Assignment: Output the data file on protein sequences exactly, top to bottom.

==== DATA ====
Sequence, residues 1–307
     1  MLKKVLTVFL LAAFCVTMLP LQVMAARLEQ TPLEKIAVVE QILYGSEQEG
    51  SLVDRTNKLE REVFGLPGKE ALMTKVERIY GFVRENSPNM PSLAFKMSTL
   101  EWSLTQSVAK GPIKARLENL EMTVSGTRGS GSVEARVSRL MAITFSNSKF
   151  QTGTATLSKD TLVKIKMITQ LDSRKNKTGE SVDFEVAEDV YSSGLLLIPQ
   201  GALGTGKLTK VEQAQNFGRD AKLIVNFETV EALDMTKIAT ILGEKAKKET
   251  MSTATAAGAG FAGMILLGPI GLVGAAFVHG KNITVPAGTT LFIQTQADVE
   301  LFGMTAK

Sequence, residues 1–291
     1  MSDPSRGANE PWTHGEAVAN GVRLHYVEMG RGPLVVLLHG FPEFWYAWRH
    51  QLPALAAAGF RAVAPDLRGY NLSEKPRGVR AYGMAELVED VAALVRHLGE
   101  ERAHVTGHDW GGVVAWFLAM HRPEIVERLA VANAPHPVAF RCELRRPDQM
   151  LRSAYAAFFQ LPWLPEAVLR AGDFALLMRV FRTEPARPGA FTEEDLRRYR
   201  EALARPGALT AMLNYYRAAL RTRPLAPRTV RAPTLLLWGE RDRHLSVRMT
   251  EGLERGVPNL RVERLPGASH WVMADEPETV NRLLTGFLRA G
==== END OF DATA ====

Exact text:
Sequence, residues 1–307
     1  MLKKVLTVFL LAAFCVTMLP LQVMAARLEQ TPLEKIAVVE QILYGSEQEG
    51  SLVDRTNKLE REVFGLPGKE ALMTKVERIY GFVRENSPNM PSLAFKMSTL
   101  EWSLTQSVAK GPIKARLENL EMTVSGTRGS GSVEARVSRL MAITFSNSKF
   151  QTGTATLSKD TLVKIKMITQ LDSRKNKTGE SVDFEVAEDV YSSGLLLIPQ
   201  GALGTGKLTK VEQAQNFGRD AKLIVNFETV EALDMTKIAT ILGEKAKKET
   251  MSTATAAGAG FAGMILLGPI GLVGAAFVHG KNITVPAGTT LFIQTQADVE
   301  LFGMTAK

Sequence, residues 1–291
     1  MSDPSRGANE PWTHGEAVAN GVRLHYVEMG RGPLVVLLHG FPEFWYAWRH
    51  QLPALAAAGF RAVAPDLRGY NLSEKPRGVR AYGMAELVED VAALVRHLGE
   101  ERAHVTGHDW GGVVAWFLAM HRPEIVERLA VANAPHPVAF RCELRRPDQM
   151  LRSAYAAFFQ LPWLPEAVLR AGDFALLMRV FRTEPARPGA FTEEDLRRYR
   201  EALARPGALT AMLNYYRAAL RTRPLAPRTV RAPTLLLWGE RDRHLSVRMT
   251  EGLERGVPNL RVERLPGASH WVMADEPETV NRLLTGFLRA G